Filthy Rich
Writer: Brian Azzarello
Artist: Victor Santos

We live in a society of rules: no killing, no stealing, no coveting thy neighbor’s hot wife. Most of us obey these rules without question, and we tell ourselves that society is better off when everyone does the same. There’s also the fact that breaking the rules can lead to punishment, ranging from fines to imprisonment and even death.

On the other hand, screw the Man! Nobody wants to be a square their whole life. Every now and then a little murder, theft, and debauchery adds spice to an otherwise hum-drum existence. And as much as our society demonizes the criminal, we all fantasize about what it would be like to throw the rules out the window and do whatever we want. This is why crime fiction never goes out of style. In fact, crime fiction gives us the best of both worlds. We can vicariously break the rules and indulge our every depraved fantasy even as we condemn such behavior in others. Crime pays, as long as it’s someone else who suffers the inevitable consequences.

Crime fiction has a long history in American comics, but over the decades it became marginalized or subsumed by the dominant superhero genre. In recent years, however, crime comics have made a modest comeback, and Vertigo is set to capitalize on this trend with its new imprint, the prosaically named Vertigo Crime. And what better way to launch a series of crime comics than to recruit Brian Azzarello, one of the few comic writers with a proven track record in the genre?

Filthy Rich is the story Rich “Junk” Junkin, a broken-down ex-football star who’s been reduced to selling used cars (in crime fiction, used car salesman is one step below crack-addicted prostitute in terms of shameful jobs). Junk is terrible at selling cars, but he’s big and tough, so the owner of the car dealership offers him a different job; shadowing his trampy daughter Vicki around town and ensuring that she doesn’t get into too much trouble.

Of course, there wouldn’t be much of a story if Junk just did what he was told. Enamored with both Vicki and her luxurious lifestyle, Junk quickly gets sucked into a wild plot filled with sex, violence, and the promise of a big payout. If this story sounds vaguely familiar, it’s because Azzarello is relying heavily on the tropes of the crime genre: Junk is the two-fisted hero, Vicki is the femme fatale, and even the “good” characters have ulterior motives. The story is also set during some undisclosed period after World War II, allowing Azzarello to evoke the spirit of classic film noir such as Double Indemnity.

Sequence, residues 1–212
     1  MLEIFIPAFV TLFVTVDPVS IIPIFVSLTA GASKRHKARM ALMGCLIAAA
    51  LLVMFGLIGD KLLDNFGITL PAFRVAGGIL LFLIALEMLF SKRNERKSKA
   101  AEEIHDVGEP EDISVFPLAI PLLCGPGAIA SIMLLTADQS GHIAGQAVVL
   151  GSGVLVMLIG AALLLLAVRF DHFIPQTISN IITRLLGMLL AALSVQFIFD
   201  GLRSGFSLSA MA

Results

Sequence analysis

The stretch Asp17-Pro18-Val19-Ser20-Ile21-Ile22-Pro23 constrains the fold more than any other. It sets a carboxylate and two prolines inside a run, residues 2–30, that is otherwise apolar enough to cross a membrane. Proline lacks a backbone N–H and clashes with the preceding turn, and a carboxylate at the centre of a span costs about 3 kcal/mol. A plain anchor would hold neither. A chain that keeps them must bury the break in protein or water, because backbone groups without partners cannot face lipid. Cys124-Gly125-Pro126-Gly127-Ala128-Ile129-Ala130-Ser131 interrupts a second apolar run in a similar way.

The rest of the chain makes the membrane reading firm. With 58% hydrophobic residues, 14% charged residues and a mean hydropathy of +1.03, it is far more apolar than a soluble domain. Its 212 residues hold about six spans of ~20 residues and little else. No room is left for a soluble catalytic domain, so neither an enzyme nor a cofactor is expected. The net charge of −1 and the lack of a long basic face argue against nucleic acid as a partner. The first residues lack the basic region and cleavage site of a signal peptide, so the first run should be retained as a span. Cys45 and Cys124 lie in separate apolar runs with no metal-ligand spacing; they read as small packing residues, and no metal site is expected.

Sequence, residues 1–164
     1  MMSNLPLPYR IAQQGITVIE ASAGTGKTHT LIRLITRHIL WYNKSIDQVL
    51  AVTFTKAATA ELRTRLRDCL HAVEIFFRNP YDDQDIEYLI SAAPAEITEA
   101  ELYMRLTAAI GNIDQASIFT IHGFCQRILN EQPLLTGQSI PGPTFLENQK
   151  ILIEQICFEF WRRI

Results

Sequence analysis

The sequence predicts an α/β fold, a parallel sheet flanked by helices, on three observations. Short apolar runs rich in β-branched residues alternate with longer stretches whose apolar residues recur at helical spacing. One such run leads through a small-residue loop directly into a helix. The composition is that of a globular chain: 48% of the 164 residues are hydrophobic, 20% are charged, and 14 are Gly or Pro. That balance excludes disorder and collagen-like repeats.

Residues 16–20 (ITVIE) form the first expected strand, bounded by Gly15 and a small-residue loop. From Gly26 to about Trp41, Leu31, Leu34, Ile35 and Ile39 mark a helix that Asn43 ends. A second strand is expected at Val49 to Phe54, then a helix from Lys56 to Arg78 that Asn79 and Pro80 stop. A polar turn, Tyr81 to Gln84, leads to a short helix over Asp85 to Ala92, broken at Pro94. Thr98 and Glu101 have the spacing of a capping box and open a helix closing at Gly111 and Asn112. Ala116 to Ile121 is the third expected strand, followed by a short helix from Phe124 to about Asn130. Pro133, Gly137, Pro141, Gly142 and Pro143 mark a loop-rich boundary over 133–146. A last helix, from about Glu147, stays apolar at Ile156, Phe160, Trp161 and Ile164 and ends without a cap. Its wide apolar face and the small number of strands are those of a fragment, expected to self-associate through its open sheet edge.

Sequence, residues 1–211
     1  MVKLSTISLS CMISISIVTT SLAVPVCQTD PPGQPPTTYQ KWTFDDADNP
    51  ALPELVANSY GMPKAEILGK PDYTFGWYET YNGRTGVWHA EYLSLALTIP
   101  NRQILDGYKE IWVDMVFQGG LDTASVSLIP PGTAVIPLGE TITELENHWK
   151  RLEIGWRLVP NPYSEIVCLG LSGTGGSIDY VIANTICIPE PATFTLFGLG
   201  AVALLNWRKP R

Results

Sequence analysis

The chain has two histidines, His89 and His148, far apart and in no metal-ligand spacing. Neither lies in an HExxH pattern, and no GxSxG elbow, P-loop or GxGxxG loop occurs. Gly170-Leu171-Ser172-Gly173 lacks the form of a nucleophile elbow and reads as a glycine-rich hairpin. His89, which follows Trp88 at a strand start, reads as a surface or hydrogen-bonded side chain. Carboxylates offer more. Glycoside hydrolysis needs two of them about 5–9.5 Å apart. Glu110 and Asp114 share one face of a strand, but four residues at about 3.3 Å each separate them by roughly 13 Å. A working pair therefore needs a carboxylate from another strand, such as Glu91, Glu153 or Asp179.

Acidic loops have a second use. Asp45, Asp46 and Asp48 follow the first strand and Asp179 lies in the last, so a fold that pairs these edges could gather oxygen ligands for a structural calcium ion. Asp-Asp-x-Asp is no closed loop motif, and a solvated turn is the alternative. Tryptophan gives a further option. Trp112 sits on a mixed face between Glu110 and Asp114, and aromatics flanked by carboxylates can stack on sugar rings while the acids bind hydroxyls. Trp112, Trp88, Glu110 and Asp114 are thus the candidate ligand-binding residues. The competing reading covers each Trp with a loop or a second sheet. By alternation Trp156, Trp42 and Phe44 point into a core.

But if Filthy Rich doesn’t exactly reinvent the crime wheel, it’s far more than a rehash of earlier works. Azzarello knows how to craft a pot-boiler, and this story moves briskly even as it throws a few surprise twists at the reader. Another strength in Azzarello’s writing is his ability to give each of his characters clear, relatable motivations. Junk commits monstrous acts not simply out of abstract emotions like greed or lust, but because of the sting of classism and frustrated dreams.

Victor Santos is a good partner for Azzarello. Much like Azzarello’s writing, Santos relies upon the look of film noir and classic crime comics from the 1940s and 50s (if you click on the link, you should check out the covers for Crimes by Women. If ever a Golden Age comic called out for a reboot…) Men are either square-jawed or shifty, women are sultry, nighttime takes up 90% of the day, and even during daytime every room is half in shadow. This look is aided immensely by the fact that the Filthy Rich is in black-and-white. I can only shudder to think how digital coloring would have ruined the contrast between light and dark.

If Vertigo Crime continues to publish comics of this caliber, then all I can say is down with superheroes, up with crime!